I was under the incorrect impression that net/url did not support HTTP 1.1. 
I suspect I stumbled upon some out of date information on stackoverflow. 
Thanks for pointing me in the right direction. Using net/url, net/cookies, 
and json, I hacked the following code (please be gentle, it is literally 
the first lines of Racket I've ever written). There are two key problems 
with this code:

   1. Because cookies handling is not part of net/url, my use of 
   get-pure-port/headers is not able to see cookies, and thus save them, in 
   any of the 3xx redirect responses.
   2. I need a post-pure-port/headers equivalent, so I can post data and 
   reuse the connection. It looks like you can only reuse connections in 
   net/url with only get-pure-port/headers.

Am I missing any other libraries out there?

#lang racket

(require json

(define (get-json-request url #:connection conn)
  (define req-headers
    (let ([cookies (cookie-header url)])
      (cond [(false? cookies) '()]
            [else (list (format "Cookie: ~a" cookies))])))
  (display (format "Headers sent were:\n ~a\n" req-headers))
    (in-port resp-headers)
    (get-pure-port/headers url req-headers #:connection conn #:redirections 
  (extract-and-save-cookies! (map string->bytes/utf-8 (string-split 
resp-headers "\r\n")) url)
  (display (format "\nReceived headers were:\n ~a" resp-headers))
  (read-json in-port))

;; Start a session
(define conn (make-http-connection))

;; Make a request that will force server to set cookies
(displayln (jsexpr->string
             #:connection conn)))

;; Make another request to see what cookies we sent server
(displayln "\n--------------------------------------\n")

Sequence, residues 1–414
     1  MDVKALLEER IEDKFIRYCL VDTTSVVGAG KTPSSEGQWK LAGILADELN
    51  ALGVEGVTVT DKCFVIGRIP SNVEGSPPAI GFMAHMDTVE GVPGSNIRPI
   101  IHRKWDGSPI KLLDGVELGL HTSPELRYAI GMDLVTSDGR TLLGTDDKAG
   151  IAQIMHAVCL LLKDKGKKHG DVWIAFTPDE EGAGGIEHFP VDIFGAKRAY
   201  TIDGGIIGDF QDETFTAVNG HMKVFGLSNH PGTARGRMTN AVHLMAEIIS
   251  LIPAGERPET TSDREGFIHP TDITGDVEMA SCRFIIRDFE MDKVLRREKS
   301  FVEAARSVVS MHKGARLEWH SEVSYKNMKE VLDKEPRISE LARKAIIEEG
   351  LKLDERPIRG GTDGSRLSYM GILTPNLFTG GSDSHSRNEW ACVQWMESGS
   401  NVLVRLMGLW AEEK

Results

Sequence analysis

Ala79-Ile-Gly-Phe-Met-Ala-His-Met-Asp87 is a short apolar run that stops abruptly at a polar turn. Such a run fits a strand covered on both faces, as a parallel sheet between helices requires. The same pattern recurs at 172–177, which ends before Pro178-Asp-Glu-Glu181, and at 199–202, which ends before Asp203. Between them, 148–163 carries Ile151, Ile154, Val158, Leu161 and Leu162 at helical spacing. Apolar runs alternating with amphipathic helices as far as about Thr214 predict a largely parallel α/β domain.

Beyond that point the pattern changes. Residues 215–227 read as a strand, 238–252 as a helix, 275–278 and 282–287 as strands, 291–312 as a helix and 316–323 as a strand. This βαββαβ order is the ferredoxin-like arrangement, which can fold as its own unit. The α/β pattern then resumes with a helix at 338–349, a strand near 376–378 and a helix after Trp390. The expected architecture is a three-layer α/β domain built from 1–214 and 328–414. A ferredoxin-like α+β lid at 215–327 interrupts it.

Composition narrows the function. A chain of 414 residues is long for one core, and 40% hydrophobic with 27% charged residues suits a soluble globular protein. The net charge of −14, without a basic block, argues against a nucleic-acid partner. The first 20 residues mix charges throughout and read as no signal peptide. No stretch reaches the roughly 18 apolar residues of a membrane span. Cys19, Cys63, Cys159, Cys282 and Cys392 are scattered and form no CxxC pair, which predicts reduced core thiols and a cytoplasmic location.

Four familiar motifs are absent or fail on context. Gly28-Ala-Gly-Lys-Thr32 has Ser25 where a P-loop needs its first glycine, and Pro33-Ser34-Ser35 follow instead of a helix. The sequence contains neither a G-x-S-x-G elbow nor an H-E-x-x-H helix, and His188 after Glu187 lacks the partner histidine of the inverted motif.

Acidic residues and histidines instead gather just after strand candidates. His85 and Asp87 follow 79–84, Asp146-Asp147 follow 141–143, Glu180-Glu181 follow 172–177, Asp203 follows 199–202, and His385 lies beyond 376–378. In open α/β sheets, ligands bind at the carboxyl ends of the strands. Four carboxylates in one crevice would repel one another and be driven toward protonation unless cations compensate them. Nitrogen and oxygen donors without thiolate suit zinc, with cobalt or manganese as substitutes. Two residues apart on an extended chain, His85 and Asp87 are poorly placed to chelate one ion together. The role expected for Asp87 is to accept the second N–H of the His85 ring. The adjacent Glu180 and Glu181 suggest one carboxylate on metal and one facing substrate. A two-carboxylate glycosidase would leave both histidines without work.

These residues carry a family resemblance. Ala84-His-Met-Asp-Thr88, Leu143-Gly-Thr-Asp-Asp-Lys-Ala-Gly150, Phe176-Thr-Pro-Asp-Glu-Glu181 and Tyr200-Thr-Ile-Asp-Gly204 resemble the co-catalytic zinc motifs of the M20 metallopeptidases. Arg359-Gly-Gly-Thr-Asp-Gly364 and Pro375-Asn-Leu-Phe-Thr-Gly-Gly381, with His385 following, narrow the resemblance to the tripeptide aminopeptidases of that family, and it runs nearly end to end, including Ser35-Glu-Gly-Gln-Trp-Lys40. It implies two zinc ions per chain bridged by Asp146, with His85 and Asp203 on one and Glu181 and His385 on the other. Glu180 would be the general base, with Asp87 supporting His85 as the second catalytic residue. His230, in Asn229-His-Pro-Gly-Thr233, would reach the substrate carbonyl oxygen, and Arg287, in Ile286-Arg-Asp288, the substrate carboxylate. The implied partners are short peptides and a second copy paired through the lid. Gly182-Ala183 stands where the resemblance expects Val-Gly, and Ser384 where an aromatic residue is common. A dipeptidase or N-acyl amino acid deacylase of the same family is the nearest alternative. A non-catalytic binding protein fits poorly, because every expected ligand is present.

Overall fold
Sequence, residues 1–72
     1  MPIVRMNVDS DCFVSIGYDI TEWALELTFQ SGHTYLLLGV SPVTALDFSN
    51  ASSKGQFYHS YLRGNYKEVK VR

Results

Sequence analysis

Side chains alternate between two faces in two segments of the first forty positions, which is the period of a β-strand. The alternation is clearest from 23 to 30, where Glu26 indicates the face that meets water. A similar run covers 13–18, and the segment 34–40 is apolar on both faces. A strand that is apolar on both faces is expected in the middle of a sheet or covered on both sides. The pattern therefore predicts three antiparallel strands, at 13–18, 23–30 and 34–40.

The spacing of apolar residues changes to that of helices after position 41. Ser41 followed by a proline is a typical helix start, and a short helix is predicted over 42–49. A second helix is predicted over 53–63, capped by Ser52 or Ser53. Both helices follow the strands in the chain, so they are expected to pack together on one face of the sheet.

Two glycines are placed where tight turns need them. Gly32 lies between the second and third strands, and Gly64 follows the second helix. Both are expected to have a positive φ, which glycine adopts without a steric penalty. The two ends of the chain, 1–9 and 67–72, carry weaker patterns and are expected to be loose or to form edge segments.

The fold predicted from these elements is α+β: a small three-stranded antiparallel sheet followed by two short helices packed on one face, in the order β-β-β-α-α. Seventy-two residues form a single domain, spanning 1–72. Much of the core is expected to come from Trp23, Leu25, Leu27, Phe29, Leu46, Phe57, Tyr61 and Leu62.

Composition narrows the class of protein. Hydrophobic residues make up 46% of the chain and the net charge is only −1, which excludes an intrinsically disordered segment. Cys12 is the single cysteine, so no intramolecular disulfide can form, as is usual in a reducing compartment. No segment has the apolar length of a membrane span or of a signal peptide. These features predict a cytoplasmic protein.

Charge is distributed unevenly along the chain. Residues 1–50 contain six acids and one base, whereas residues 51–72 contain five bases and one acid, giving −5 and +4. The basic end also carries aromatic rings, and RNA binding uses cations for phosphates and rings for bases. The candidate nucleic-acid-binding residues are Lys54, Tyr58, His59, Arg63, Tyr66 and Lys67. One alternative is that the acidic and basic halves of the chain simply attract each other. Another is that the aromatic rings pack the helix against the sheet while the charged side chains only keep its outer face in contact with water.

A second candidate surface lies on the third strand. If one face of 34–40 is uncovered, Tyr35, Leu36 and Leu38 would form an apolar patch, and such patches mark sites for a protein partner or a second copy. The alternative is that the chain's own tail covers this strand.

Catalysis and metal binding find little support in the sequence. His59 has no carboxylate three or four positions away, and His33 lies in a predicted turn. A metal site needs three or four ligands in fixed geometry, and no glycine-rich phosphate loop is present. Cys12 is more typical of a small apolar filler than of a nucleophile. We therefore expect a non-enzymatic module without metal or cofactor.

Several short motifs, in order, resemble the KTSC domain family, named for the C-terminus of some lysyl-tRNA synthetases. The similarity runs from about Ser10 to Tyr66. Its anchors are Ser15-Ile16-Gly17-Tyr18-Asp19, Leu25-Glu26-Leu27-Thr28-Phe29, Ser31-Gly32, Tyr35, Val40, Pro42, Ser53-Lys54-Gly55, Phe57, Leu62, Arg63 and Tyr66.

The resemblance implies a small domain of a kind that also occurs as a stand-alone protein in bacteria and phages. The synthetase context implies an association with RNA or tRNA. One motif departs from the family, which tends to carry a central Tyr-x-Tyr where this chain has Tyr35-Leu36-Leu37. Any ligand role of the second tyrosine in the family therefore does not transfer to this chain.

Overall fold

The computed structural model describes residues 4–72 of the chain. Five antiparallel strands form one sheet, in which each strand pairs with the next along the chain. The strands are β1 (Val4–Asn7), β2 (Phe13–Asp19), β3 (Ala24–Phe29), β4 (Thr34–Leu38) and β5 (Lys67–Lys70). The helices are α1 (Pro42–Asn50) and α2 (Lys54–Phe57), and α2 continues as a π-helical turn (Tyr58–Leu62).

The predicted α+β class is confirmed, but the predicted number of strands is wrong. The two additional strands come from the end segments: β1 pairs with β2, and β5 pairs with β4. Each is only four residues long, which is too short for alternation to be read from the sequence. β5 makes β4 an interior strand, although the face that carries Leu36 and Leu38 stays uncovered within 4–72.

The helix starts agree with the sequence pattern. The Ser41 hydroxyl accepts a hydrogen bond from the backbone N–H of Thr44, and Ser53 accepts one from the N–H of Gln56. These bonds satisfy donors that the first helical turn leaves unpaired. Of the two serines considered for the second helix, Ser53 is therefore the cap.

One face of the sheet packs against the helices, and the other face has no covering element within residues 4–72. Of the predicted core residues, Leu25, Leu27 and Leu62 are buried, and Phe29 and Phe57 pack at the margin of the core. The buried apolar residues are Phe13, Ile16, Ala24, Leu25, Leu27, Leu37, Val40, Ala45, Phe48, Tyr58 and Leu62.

(displayln (jsexpr->string
             (string->url "https://postman-echo.com/cookies";)
             #:connection conn)))

;; Close session
(http-connection-close conn)


On Sunday, May 17, 2020 at 4:44:32 AM UTC-5, evdubs wrote:
> Have you taken a look at net/url 
> <https://docs.racket-lang.org/net/url.html?q=net%2Furl>? From there, I 
> see:
>    - make-http-connection 
> <https://docs.racket-lang.org/net/url.html?q=net%2Furl#%28def._%28%28lib._net%2Furl..rkt%29._make-http-connection%29%29>,
>    which can allow calls to get-pure-port/headers to stay connected if 
>    the server allows it.
>    - current-proxy-servers 
> <https://docs.racket-lang.org/net/url.html?q=net%2Furl#%28def._%28%28lib._net%2Furl..rkt%29._current-proxy-servers%29%29>
>    and current-no-proxy-servers, which show they respect http_proxy, 
>    https_proxy, and no_proxy.
> There are also get-pure-port 
> <https://docs.racket-lang.org/net/url.html?q=net%2Furl#%28def._%28%28lib._net%2Furl..rkt%29._get-pure-port%2Fheaders%29%29>
> related functions that allow setting headers, which I think should let you 
> set your cookies? For JSON, you can take look at the json 
> <https://docs.racket-lang.org/json/index.html?q=json> docs if you're 
> interested in converting the HTTP response bodies into a JSON expression. 
> These expressions can then be treated like any other expression where you 
> can map/filter/fold over lists and access map elements with hash table 
> functions.
> To find this stuff, I just searched for "http" and "json" using the ". . . 
> search manuals . . ." box at the top right of the docs. The search looks 
> through all of the Racket API as well as many user-contributed packages. It 
> makes it very easy to find whatever you might be interested in.
> Evan
> On Saturday, May 16, 2020 at 7:45:08 AM UTC-10, fixpoint wrote:
>> I'm on the search for a new programming language to learn, so I thought 
>> I'd check out Racket, but I'm having a hard time trying to do a very common 
>> task that would make Racket practical for my use at work:
>>    - Make a series of HTTP requests to an API that returns JSON responses
>>    - Reuse the HTTP connection to avoid creating new TCP connections for 
>>    each request
>>    - Honors the `http_proxy`, `https_proxy`, and `no_proxy` environment 
>>    variables
>>    - Maintains a "session" where cookies set by the server are sent back 
>>    in subsequent requests
>> My daily driver is Python, so I'm used to its `requests` library. Go and 
>> Rust have similar libraries. While I don't mind piecing some of this 
>> together, I'm struggling as a new user to figure out what libraries are 
>> recommended and, more importantly, how to put them together to accomplish 
>> the above points.
>> Thank you.
>> p.s. The Racket documentation is by far the best looking documentation 
>> I've read in any language. It's quite amazing!

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